Words by: Dan Trent
"The BMW 7 Series sells in tiny numbers in the UK and Europe but has a bigger role to play as a global ambassador for the brand’s latest tech, design and innovation. Launching here as the all-electric i7 (hybrids will follow in due course), you may not be in the market for such a vast and opulent limousine yourself but where the 7 Series leads the rest of the BMW range follows. So, it still matters and you can expect its design and tech to filter down to the rest of the range in due course. From its huge grille and split headlights back, the i7 dazzles for its silent electric drive, the reach of its driver assistance technology and the luxury of its interior, the headline feature being a huge, widescreen TV that folds down from the roof so you can chill in the back with a film while the chauffeur wafts you home."
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Running costs for a BMW 7 Series
The i7 is the flagship of the BMW range and pitched accordingly, with prices starting well north of six figures. Private buyers in the market for such a car probably aren’t too concerned by running costs but the all-electric powertrain will at least make it relatively cheap on that score and if you run it through your company you could save a packet in Benefit In Kind compared with rival limos. Whisper it but most 7 Series are actually bought as posh private hire vehicles, and here the running costs and ability to cruise around city centres free of congestion and emissions charges will help the bottom line for operators for as long as these incentives last.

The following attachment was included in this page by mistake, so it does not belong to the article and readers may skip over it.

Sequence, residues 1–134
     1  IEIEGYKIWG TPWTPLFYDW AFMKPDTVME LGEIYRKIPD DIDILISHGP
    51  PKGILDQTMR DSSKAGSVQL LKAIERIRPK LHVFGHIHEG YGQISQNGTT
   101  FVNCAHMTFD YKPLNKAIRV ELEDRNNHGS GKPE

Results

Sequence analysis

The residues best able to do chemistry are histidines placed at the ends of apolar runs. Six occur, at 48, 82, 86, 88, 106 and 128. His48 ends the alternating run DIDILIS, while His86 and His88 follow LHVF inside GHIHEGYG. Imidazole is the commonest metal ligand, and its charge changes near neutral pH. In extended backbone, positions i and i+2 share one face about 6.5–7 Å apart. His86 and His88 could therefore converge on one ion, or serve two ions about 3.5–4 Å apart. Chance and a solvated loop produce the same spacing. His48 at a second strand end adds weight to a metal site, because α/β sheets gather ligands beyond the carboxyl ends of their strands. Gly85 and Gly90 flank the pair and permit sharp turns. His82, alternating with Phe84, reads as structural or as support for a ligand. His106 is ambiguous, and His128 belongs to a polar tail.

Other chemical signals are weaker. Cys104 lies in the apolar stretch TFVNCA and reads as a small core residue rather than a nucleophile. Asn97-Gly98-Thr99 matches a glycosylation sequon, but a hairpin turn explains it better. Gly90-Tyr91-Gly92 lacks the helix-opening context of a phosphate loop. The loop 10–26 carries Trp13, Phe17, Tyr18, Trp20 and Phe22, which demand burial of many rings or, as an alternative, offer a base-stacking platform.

Reliability of a BMW 7 Series
BMW’s reliability record isn’t too hot, historically speaking. But the relative mechanical simplicity of an electric powertrain should – hopefully – present fewer risks on that score and the complex electronics controlling the rest of the car will hopefully live up to the expectation flagship status carries. If they don’t the inclusive Service Inclusive package is a small price to pay relative to the cost of the car, while the standard unlimited mileage warranty lasts three years for the car and up to eight years or 100,000 miles for the battery. All can be extended at extra cost if you feel the need.
Safety for a BMW 7 Series
Over its various generations the 7 Series has debuted many safety systems we now take for granted across the BMW range, including xenon headlights, head-up displays and even remote parking. For the i7 it’s all about getting as close to automated driving as the law permits, meaning autonomous abilities actually vary according to which country you buy your car in and how much self-driving the local regulations permit. All the usual gizmos are standard, the cost upgrade to Driving Assistant Pro taking things as far as is permitted for UK roads and using cameras, sensors and navigation info to pre-emptively configure the car for what’s ahead, be that traffic or other hazards. Control of the car remains your responsibility, which is just as well because in our hands the i7 was apparently ready to sail across a busy junction without stopping if we hadn’t intervened on the brake pedal. Perhaps of more use for such a big car an optional parking support package can even ‘record’ common manoeuvres like tight car park entrances at your luxury city centre apartment block so you can let the car take over and tuck itself into your designated space.
How comfortable is the BMW 7 Series